The June 8 announcement that the provincial government is finally providing funding for a 24-hour, seven-day-a-week sobering centre in Thompson is good news for police and health-care workers who will hopefully no longer have to devote as much time as they have in the past to dealing with publicly intoxicated people who are a danger to themselves and others, though not really guilty of a serious criminal offence.
The need for such a facility dates back to before the Progressive Conservative government took power, so they deserve credit for making something that the previous NDP government couldn’t a reality, even if it didn’t happen until after four years in office.
Welcome as it is, the sobering centre will not do much to alleviate the problems caused by alcohol that bedevil Thompson but it will at least treat one of the symptoms – people who are drunk in public – more effectively than the current system of locking them up in the police station for at least eight hours does.
Public drunkenness is not so much a crime problem as it is a social and economic one. There are certainly people who do not have actual alcohol addictions who sometimes drink too much and become intoxicated, but if they have a home, often times it will not become a police matter unless there is a noisy party or the person who drinks too much decides to drive home. Unfortunately, many of the homeless people in Thompson do have substance abuse problems and, when they drink too much, they have no residence to stay at until they get sober. This could possibly be a danger to other people, since drunk people often act on impulses they would exercise better judgement over if they were sober, but more likely to the intoxicated person themself, as they are vulnerable to possibly being robbed or assaulted, to wandering into traffic, and also to suffering medical complications as a result of too much alcohol and any underlying medical conditions they may have.
While the RCMP have strict protocols in place to try to ensure the safety of intoxicated people in custody at their cells, they are not medical professionals or counsellors and usually have more urgent and serious calls to deal with. Presuming that the yet-to-be-established sobering centre in Thompson will likely have at least one medical professional such as a paramedic or nurse on site at all times, it should become a much quicker process for police to deal with people who are intoxicated, since they won’t have to go to the hospital and wait for the person to be seen by a doctor, which can take quite awhile, since being drunk is often a lower priority than many of the other conditions being dealt with by emergency room personnel. Similarly, the process of getting someone admitted to the sobering centre will probably be faster than it is to lodge someone in cells once they have been medically cleared, which requires itemized accounting of their possessions and, most likely, substantial paperwork.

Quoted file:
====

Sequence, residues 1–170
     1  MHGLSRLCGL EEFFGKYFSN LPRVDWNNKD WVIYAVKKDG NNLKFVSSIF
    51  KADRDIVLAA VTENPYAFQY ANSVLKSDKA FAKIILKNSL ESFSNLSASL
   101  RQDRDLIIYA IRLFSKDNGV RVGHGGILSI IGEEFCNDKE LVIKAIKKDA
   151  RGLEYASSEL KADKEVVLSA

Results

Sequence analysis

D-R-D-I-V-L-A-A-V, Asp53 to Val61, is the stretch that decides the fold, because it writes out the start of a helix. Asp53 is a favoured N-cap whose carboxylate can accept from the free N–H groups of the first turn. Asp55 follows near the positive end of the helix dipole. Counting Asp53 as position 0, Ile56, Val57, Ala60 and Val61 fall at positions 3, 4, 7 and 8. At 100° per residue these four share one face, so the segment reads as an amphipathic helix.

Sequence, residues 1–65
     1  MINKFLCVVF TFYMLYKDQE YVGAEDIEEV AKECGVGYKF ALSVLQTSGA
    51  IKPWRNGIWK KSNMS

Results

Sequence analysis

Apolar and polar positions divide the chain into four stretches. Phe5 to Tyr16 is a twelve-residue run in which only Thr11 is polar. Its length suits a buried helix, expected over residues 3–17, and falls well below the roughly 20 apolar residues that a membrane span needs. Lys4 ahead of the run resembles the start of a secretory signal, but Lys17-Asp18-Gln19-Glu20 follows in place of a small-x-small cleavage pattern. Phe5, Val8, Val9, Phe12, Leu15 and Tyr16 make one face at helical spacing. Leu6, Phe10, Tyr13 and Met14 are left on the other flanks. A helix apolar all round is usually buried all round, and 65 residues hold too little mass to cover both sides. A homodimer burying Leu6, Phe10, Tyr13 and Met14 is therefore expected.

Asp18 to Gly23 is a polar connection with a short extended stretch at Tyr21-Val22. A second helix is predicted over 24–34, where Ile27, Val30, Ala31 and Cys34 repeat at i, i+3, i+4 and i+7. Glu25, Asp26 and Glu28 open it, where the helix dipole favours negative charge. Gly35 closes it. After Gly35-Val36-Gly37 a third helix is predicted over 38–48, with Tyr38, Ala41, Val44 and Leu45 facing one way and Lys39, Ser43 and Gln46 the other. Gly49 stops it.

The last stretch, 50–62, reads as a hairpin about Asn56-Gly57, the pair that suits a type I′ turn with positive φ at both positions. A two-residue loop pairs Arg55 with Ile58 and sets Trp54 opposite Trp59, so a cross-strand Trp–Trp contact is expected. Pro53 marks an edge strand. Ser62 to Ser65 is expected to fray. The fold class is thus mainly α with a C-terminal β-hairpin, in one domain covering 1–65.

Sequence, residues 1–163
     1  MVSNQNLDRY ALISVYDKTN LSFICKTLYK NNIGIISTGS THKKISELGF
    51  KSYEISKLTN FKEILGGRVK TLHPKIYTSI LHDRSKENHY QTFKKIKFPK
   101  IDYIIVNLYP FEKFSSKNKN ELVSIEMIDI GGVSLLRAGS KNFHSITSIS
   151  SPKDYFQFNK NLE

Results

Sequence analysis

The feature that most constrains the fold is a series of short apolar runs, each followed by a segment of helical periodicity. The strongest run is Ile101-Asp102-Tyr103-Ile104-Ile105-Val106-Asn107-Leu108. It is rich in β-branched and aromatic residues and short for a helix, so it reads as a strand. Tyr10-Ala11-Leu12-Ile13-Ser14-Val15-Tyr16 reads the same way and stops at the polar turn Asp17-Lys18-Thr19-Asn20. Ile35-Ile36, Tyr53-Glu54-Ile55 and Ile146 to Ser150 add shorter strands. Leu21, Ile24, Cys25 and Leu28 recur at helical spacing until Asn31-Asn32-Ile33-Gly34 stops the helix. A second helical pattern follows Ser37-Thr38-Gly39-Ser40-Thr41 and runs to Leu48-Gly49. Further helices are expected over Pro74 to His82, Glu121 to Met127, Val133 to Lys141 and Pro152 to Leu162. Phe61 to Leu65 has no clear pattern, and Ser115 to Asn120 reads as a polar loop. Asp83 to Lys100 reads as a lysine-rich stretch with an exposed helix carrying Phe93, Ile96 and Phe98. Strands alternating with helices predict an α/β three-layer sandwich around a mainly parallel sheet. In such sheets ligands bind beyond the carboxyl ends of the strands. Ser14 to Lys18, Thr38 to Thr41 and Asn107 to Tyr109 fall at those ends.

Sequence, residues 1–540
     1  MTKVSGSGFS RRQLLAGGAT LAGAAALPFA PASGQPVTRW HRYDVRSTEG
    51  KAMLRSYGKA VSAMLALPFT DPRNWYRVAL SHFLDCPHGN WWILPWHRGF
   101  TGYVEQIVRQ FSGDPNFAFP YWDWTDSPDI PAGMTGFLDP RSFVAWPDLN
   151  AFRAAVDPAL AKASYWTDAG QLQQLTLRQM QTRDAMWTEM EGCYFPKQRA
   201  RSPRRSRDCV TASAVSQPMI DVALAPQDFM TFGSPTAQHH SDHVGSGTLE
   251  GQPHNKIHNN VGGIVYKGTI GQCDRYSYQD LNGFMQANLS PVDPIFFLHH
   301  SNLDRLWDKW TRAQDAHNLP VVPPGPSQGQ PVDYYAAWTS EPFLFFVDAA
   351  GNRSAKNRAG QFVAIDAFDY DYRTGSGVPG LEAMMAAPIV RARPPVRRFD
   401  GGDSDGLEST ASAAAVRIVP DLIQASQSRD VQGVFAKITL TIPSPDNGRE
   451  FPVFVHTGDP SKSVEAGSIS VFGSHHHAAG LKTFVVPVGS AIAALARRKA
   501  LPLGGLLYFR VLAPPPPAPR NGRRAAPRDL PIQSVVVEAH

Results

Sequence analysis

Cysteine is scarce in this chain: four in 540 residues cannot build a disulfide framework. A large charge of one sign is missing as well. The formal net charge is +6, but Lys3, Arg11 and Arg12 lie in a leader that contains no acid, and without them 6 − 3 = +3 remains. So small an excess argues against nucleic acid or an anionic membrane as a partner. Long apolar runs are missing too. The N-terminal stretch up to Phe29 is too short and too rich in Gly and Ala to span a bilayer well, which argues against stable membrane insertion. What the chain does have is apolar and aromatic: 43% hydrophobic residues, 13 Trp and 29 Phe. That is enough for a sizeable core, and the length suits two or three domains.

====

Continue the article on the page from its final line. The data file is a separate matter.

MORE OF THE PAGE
A place for people to sober up from the effects of alcohol or drugs has long been needed in Thompson. The current provincial government deserves credit for taking action on that need, as does the current city council and administration, who have been asking for such a facility since their term began, much as other councils and mayors before them asked to no avail. Still, it is only one piece of the puzzle when it comes to trying to reduce the harmful effects of alcohol in Thompson. More helpful still would be more spaces for treatment at the Addictions Foundation of Manitoba Eaglewood Treatment Centre, since it is often at capacity, meaning that there may be a delay of a few months between someone deciding they want treatment for alcohol addiction and actually receiving inpatient treatment. If we are serious about wanting to reduce the harm that alcohol has in Thompson, a good next step would be trying to ensure that more people can receive the help they need when they need it and when they seek it out.